As a complement to the exhibition Marina Abramović: 512 hours, the Serpentine Galleries have worked with the Marina Abramović Institute to select a series of short films. The following videos trace some of the artist’s ideas and defining moments, as narrated by Abramović herself. From Rhythm 0 (1974) to The Artist is Present (2010), a unique body of performance work emerges, deeply invested in human interaction and different qualities of space and time.
The films are provided courtesy of MAI Hudson, a platform for immaterial and long durational works.
Marina Abramović: Early Years
“I understood that I could work with the elements: I could work with fire, water, earth, the air, with anything I wanted. And this was the beginning of my performance art. The first time I actually put my body in front of an audience, I understood this as my media.” Abramović speaks about her transition from painting car crashes in her studio to performing live in the gallery space.
Marina Abramović on Rhythm 0 (1974)
“I’m not interested in dying but in how far you can push the energy of the human body: how far you can go, and see how the energy is almost limitless.” Abramović recounts the six-hour performance in which the audience were invited to use 72 objects, including a gun, in their interactions with her.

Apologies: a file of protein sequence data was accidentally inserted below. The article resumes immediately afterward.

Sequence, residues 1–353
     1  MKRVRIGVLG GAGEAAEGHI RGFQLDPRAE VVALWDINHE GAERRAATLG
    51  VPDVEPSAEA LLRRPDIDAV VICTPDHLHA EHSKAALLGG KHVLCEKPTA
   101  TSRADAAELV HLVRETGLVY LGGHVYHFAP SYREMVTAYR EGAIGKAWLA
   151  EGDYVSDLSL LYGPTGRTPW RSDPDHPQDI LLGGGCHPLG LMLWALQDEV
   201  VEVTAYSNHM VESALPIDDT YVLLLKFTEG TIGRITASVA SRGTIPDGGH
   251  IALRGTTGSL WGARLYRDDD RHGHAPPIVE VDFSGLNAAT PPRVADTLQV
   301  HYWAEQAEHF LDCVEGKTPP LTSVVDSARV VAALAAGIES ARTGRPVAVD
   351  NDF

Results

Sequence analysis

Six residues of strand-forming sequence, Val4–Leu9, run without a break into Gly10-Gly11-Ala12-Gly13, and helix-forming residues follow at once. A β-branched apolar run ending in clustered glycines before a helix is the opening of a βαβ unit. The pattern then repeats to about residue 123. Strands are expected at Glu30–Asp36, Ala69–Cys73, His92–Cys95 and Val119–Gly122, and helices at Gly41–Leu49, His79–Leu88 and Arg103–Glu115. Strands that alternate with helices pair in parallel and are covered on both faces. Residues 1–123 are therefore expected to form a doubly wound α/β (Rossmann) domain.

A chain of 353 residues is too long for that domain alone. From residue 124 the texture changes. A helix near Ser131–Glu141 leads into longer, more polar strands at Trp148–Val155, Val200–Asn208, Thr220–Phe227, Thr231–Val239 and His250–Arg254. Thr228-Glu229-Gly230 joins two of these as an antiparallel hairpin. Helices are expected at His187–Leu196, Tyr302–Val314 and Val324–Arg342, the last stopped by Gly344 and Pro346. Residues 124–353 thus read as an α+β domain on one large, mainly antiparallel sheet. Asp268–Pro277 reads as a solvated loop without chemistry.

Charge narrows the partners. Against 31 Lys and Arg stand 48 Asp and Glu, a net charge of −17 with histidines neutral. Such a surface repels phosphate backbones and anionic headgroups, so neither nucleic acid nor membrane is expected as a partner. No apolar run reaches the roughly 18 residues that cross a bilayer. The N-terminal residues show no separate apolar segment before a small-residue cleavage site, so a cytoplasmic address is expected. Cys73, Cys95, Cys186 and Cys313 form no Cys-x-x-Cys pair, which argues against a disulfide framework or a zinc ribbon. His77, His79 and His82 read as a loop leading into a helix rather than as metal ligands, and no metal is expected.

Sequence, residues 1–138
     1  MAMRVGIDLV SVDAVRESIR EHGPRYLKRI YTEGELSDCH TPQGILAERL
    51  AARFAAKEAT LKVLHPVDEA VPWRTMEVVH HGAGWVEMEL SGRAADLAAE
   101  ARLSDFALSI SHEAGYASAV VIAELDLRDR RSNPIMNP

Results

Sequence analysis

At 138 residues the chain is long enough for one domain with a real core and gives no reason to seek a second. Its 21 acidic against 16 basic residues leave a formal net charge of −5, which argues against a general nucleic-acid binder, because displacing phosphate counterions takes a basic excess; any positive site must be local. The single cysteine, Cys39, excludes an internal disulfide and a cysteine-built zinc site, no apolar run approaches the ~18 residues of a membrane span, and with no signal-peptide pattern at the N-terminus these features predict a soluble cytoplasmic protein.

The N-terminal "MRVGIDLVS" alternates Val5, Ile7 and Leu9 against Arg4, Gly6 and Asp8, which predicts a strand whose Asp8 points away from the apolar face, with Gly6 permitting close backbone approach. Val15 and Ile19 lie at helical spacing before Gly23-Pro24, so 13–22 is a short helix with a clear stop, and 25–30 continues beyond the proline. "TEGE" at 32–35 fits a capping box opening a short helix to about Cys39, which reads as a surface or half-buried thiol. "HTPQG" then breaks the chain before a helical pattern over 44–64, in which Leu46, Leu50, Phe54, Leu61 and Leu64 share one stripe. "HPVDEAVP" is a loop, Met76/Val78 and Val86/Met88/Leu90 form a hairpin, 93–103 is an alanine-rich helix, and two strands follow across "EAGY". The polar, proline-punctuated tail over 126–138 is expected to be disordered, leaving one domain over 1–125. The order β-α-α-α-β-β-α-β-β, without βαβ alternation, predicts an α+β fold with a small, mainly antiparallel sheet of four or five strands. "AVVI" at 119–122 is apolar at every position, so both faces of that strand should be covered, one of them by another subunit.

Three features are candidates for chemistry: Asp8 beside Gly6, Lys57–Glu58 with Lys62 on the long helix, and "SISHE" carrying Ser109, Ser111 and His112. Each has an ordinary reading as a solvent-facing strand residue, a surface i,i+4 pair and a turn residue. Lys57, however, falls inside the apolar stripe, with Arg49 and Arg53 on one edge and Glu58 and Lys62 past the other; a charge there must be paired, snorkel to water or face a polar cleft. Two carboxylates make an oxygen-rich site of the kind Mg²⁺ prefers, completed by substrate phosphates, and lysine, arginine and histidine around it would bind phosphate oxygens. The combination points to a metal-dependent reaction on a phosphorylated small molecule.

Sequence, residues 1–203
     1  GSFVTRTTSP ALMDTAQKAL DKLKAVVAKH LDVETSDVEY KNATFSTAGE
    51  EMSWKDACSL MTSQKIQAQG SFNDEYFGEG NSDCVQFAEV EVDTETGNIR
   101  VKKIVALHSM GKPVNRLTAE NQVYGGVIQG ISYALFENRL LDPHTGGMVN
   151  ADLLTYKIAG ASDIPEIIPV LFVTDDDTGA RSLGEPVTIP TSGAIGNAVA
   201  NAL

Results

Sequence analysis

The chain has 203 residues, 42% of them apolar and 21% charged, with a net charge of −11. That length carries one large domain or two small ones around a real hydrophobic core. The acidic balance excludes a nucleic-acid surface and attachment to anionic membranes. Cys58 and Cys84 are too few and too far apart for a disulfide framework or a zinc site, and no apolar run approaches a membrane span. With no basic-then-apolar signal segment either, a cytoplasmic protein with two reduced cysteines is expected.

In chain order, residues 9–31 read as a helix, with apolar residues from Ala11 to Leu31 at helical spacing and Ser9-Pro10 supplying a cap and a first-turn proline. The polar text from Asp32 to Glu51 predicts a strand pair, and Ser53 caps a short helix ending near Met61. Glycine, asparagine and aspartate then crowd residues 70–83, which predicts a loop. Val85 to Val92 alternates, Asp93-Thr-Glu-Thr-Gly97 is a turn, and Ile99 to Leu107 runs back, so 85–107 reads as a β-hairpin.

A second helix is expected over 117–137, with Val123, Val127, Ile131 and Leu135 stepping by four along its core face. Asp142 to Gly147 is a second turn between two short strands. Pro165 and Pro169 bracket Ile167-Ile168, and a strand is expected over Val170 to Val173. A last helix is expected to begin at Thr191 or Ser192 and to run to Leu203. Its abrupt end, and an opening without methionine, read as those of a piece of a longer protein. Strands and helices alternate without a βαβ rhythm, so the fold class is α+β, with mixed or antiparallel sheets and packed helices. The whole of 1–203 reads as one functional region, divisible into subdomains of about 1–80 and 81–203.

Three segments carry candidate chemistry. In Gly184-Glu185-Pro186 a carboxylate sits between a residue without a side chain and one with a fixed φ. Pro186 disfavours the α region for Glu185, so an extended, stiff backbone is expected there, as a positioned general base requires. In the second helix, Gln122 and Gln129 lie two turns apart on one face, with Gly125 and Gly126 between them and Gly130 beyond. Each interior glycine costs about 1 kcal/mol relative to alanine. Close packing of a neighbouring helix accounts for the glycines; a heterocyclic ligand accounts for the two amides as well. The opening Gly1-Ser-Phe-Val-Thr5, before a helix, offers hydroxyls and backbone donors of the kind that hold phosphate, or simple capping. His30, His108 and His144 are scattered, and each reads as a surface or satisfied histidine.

Marina Abramović on The House With the Ocean View (2002)
In this long durational performance, Abramović lived on three platforms installed within Sean Kelly Gallery, New York, with no allowance for privacy between herself and the audience. She describes her intention to change the feeling of time within the space, in the hope that the public would forget about time in the course of their visit.
Marina Abramović Method Exercises in Nature
“When I’m in the present, I’m complete.” Abramović relates her technique for achieving a state without time, as assisted by a natural environment away from the stresses of the city.
Marina Abramović on Long Durational Work
In this video, the artist identifies some of the difficulties inherent in documenting immaterial work, especially long durational performance that concerns itself with real time.
Marina Abramović on The Artist is Present (2010)
“We are so alienated from each other, we are texting each other without seeing each other.” Abramović describes the immense human loneliness revealed to her during a defining performance at MOMA in which members of the public sat opposite the artist and engaged in a mutual gaze.